I use the same combi to shoot wedding.
18-70 is surprisingly sufficient, with an SB600 or SB800.
However, if possible, do get a fast lens, in your case, 50 1.8 would be good,
especially during dinner march in, u wun want to use flash to spoil the mood. :)
 

yanyewkay

Senior Member
Sep 22, 2004
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#10
18-70 no problem lah.. i've even seen 28-70 (on digital body) used throughout the whole day also no problem.

If you've got flash and your flash photography skill is good. You don't really need a 2.8 lens cos most of the time you'll be shoot at f/8 or slower anyway.. but please don't take it as a golden rule.

first time taking AD? :thumbsup: good luck!
 

CreaXion

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Jun 15, 2006
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#11
Why would it be a problem? Colour cast? or? Care to share? :think:
Basically, the lens is a good lens. It is very sharp for a kit lens. The brown colour cast won't even be noticeable unless u are so used to seeing colours.

Outdoors wise, the 18 - 70 lens won't produce a brown cast. The brown cast will only be noticeable in indoor settings. Some will attribute to a white balance problem which I agree to a certain extent. I have tried to override it with various settings but only succeeded to a certain extent. The problem only disappear when I changed to a F2.8 lens. However, the problem of brown cast is not noticeable even to me at first and therefore will not be noticeable to laymen. It was only noticeable to me only when I first compared my photos with another photographer's photo. Then it became very very obvious.

Adding to the problem of having an 18 - 70mm lens is the ability to shoot white and shiny items. Due to the lack of depth in the lens, white agst white became a problem when u use the flash. Since I take Malay weddings and their clothes are shiny, it will become worse when shooting white gowns. I have to underexpose the photo so that the clothes dun get burnt but in the process, the skin became underexpose. When i changed to the 2.8 lens, problem resolved cause there are more details and the details are captured without having to underexpose the photo.

Anyway to the TS, be careful with the 18 - 70mm lens at wide angle. Barrel distortion will come in during table shots. Therefore be careful with the wide angle
 

zac08

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Feb 21, 2005
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#13
Basically, the lens is a good lens. It is very sharp for a kit lens. The brown colour cast won't even be noticeable unless u are so used to seeing colours.

Outdoors wise, the 18 - 70 lens won't produce a brown cast. The brown cast will only be noticeable in indoor settings. Some will attribute to a white balance problem which I agree to a certain extent. I have tried to override it with various settings but only succeeded to a certain extent. The problem only disappear when I changed to a F2.8 lens. However, the problem of brown cast is not noticeable even to me at first and therefore will not be noticeable to laymen. It was only noticeable to me only when I first compared my photos with another photographer's photo. Then it became very very obvious.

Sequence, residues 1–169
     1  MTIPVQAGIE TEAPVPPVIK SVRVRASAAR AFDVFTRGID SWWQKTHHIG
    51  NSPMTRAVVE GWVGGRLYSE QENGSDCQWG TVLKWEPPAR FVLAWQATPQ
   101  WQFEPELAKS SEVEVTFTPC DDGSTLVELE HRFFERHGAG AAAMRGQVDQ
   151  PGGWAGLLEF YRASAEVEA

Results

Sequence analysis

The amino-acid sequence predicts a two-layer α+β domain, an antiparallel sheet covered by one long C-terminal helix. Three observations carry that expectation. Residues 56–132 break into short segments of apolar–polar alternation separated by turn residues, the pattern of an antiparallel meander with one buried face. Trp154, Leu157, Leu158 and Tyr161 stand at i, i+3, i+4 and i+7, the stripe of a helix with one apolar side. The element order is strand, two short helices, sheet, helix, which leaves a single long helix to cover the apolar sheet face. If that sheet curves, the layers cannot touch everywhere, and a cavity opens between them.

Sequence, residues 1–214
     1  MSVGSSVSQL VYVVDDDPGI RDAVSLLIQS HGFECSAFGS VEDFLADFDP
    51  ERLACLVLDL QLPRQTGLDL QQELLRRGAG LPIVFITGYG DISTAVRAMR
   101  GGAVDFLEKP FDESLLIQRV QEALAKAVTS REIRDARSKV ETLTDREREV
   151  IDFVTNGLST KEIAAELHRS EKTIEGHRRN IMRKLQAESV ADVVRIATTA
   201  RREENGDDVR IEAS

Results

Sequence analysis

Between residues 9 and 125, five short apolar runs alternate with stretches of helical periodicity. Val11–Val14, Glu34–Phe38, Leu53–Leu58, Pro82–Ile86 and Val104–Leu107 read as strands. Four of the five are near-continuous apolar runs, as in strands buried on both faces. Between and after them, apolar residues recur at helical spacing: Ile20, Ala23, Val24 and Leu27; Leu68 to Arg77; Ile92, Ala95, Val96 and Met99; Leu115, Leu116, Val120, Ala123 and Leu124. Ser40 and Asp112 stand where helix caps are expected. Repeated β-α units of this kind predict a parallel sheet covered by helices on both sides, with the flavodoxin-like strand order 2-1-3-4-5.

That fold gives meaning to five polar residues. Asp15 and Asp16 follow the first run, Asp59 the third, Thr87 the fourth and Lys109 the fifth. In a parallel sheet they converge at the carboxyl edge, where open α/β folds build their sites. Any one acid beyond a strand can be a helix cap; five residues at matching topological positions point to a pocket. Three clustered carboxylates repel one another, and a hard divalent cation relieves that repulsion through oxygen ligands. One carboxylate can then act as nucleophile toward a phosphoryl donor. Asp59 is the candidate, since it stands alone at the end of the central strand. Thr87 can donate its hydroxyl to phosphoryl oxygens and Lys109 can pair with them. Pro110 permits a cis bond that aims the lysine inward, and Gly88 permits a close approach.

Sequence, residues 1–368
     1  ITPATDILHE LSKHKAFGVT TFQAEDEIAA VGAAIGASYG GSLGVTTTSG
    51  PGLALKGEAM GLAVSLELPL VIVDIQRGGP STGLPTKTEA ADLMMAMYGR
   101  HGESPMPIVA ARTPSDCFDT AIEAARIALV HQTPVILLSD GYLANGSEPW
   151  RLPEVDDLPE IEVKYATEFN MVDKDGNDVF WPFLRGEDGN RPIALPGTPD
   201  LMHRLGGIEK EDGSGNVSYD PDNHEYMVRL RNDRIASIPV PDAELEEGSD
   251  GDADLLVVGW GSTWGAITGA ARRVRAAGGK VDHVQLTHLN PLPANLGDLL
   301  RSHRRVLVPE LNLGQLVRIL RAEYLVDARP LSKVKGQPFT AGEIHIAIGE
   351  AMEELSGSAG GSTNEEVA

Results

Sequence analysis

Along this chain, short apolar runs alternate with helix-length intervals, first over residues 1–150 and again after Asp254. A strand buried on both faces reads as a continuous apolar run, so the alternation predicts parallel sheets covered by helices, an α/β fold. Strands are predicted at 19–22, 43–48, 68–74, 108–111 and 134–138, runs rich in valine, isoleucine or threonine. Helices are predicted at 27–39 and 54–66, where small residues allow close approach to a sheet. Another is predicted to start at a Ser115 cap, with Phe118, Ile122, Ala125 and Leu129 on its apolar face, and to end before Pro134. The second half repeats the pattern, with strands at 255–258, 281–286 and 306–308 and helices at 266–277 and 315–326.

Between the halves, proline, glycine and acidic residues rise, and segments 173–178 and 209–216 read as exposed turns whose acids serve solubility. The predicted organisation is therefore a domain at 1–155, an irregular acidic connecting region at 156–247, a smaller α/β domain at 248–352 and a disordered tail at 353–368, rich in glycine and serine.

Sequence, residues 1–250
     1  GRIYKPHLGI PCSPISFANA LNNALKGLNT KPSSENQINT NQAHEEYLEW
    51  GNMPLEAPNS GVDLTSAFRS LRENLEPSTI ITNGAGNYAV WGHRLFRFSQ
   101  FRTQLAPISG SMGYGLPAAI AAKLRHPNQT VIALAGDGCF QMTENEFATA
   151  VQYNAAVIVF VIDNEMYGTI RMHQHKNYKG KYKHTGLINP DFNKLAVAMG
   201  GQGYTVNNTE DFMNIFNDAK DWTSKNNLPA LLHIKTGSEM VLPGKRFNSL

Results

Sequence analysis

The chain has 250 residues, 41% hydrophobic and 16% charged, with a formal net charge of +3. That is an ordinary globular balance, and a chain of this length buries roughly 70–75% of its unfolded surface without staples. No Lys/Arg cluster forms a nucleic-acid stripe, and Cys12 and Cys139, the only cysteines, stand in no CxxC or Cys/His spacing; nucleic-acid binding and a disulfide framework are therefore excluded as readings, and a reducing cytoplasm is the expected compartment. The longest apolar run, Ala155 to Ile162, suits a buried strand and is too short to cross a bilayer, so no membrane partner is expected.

Adding to the problem of having an 18 - 70mm lens is the ability to shoot white and shiny items. Due to the lack of depth in the lens, white agst white became a problem when u use the flash. Since I take Malay weddings and their clothes are shiny, it will become worse when shooting white gowns. I have to underexpose the photo so that the clothes dun get burnt but in the process, the skin became underexpose. When i changed to the 2.8 lens, problem resolved cause there are more details and the details are captured without having to underexpose the photo.

Anyway to the TS, be careful with the 18 - 70mm lens at wide angle. Barrel distortion will come in during table shots. Therefore be careful with the wide angle
I believe the issue you're talking about is more on the exposure control and white balance... but then again, I rarely shoot with the 18-70 anyway.
 

CreaXion

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Jun 15, 2006
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#14
I believe the issue you're talking about is more on the exposure control and white balance... but then again, I rarely shoot with the 18-70 anyway.
Exposure control and white balance are just some of the issues with the lens. Let's put it this way, it is only a kit and kit lens has their limitation or else the 2.8 lens no biz liao.
 

JaPhotos

New Member
Sep 25, 2006
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#15
Can always consider renting some of the lens/equipments that you know you will need. but than...AD is always so rush that you won't have much time to change too many lens. :)

Good luck!
 

Artosoft

Senior Member
Aug 31, 2005
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#17
If this is your first weeding shooting, it is better to ask someone else to help to cover the weeding.

My setup D70s with 18-70mm kit lens and SB-800 flash. If you are using SB-600, you may want to increase ASA/ISO to 400.

Lesson learn few month back when I am helping covering my sister in law weeding:
1. Only use the equipment you are familiar with.
2. Shoot RAW.
3. Use several memory cards is better than single big memory card. 4x1GB is better than 1x4GB.

Regards,
Arto.
 

CreaXion

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Jun 15, 2006
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#18
If this is your first weeding shooting, it is better to ask someone else to help to cover the weeding.

My setup D70s with 18-70mm kit lens and SB-800 flash. If you are using SB-600, you may want to increase ASA/ISO to 400.

Lesson learn few month back when I am helping covering my sister in law weeding:
1. Only use the equipment you are familiar with.
2. Use several memory cards is better than single big memory card. 4x1GB is better than 1x4GB.

Regards,
Arto.
Better than get 1 corrupted card. Trust us on this.
 

mpenza

Senior Member
Jan 18, 2002
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#19
equipment is ok. the main part though is the photographer. unless u have experience covering weddings before (at least as a backup), u might want to set the expectation levels accordingly.
 

ortega

Moderator
Staff member
Nov 2, 2004
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#20
equipment is OK

but set iso to 400 to help conserve flash battery and recycling time

bring extra batteries and CF cards
buy new socks and easyon/easyoff shoes

good luck! :)